Why was this an accessibility issue? Let's start out with all the folks who couldn't stand in line that long. I stayed because I had a morning panel and I had no idea whether things would improve in the morning, and I thought I needed a badge. At the end of my time in line, I had a swollen knee and a hypoglycemic crash, neither of which were fun. I also had a badge and a signed, personalized code of conduct that neither I or probably anyone else in that line actually read, thereby reducing its effectiveness to nil. But I was also not the elderly man with the cane who one of the line volunteers persuaded to get up from one of the few chairs to stand in line again, despite the fact that he seemed unsteady on his feet (I was too far away to hear what actually got said, in all fairness, but could see the affect). There were folks with walkers and wheelchairs or using canes or crutches (this does not, of course, include less visible disabilities that would have made all this unpleasant, if not impossible), standing in line for well over an hour in many cases. The registration volunteers either couldn't or didn't look for other options. And, based on conversations I had the next day, a lot of people paid for it in physical discomfort. The con was very, very lucky that no one passed out or had a seizure or other issue.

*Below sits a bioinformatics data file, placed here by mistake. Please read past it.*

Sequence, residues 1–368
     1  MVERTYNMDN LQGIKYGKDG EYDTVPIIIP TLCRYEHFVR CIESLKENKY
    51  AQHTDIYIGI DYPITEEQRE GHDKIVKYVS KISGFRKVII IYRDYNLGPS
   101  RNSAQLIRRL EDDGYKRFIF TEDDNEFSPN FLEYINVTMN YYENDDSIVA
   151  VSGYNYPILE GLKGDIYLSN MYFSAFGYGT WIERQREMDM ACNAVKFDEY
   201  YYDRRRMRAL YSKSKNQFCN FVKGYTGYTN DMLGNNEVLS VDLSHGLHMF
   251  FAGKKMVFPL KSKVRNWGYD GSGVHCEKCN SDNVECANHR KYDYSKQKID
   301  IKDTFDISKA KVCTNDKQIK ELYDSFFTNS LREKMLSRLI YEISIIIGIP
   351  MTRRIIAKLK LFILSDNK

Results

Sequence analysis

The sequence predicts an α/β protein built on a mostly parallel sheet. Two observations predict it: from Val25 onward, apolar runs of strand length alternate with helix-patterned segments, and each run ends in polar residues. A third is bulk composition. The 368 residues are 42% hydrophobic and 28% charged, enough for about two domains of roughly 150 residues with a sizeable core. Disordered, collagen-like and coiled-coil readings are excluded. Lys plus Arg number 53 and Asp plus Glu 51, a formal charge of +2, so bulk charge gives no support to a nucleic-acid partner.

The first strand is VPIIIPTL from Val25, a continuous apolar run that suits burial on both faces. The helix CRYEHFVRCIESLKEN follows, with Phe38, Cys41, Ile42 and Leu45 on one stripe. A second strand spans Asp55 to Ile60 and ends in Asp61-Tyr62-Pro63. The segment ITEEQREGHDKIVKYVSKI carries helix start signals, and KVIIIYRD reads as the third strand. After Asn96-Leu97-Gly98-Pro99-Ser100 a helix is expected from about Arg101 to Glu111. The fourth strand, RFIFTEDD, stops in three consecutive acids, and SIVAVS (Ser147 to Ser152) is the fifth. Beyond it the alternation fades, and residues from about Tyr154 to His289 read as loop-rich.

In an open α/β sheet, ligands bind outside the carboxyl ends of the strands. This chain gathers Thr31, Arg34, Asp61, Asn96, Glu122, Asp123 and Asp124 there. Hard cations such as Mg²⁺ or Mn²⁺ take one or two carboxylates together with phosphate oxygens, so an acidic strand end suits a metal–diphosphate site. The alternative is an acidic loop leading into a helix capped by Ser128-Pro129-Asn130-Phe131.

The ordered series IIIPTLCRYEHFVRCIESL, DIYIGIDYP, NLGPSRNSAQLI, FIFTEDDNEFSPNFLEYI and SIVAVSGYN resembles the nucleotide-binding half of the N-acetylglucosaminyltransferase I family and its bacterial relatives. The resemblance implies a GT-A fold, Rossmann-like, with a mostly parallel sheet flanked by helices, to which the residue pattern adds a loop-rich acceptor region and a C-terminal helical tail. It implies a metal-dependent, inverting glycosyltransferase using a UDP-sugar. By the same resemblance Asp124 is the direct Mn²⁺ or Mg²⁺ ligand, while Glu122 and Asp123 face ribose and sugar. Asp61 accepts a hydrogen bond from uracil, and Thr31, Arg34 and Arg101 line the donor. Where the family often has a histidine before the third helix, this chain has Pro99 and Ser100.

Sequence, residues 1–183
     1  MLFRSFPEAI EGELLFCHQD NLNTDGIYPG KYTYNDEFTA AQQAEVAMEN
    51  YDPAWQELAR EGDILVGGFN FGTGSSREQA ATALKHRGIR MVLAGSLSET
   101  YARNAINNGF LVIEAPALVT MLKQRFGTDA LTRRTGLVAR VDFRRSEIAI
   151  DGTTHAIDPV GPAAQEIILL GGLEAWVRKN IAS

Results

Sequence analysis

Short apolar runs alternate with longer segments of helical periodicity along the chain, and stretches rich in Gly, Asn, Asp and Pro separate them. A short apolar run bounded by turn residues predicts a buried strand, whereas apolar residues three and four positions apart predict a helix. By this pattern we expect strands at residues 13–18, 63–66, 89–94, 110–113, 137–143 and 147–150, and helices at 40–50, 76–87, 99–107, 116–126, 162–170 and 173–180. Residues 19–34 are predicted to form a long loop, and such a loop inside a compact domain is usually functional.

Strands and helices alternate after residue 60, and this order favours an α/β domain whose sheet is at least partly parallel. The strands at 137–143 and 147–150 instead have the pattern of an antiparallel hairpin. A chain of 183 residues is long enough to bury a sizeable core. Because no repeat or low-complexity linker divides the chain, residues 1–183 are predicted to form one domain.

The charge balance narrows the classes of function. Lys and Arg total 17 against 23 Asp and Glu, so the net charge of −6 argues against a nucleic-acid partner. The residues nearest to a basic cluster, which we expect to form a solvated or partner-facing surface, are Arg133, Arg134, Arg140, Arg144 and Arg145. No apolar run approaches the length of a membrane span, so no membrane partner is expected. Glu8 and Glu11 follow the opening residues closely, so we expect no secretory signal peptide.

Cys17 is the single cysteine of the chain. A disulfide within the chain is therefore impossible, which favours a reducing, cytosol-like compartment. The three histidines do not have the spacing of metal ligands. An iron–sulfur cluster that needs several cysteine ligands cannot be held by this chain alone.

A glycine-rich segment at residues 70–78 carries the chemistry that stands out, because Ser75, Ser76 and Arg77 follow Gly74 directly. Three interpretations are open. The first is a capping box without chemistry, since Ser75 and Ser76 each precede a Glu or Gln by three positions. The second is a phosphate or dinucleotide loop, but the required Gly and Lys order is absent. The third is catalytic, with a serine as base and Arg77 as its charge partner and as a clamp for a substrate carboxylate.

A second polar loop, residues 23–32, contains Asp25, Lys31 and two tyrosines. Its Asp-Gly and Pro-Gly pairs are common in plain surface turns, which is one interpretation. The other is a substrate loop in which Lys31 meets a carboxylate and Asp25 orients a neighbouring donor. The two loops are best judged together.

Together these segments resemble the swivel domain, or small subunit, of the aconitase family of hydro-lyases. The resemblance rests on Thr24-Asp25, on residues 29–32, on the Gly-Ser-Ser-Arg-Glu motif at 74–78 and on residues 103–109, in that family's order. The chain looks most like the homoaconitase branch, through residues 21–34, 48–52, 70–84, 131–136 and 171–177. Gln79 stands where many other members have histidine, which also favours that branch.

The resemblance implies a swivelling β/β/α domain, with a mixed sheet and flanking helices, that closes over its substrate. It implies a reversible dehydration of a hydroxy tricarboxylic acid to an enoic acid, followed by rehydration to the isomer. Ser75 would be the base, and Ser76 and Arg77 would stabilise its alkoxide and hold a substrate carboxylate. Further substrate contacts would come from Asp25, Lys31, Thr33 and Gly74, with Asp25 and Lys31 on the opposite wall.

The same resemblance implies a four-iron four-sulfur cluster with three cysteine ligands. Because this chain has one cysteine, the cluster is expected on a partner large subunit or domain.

I have no idea how those decisions got made within the Con Com, but I really hope that that they do better next year. A signed code of conduct is all well and go but it's only effective if someone actually reads it and agrees to abide by it. One of the things that I like about CONvergence is the "Costumes are not Consent" campaign which includes posters and flyer throughout the con. Many of these are humorous, but all of them taken together help create some level of awareness around harassment. I assume that was one of the intended points of Arisia's code of conduct. Maybe some day, I'll get the opportunity to read it and find out under less unpleasant circumstances.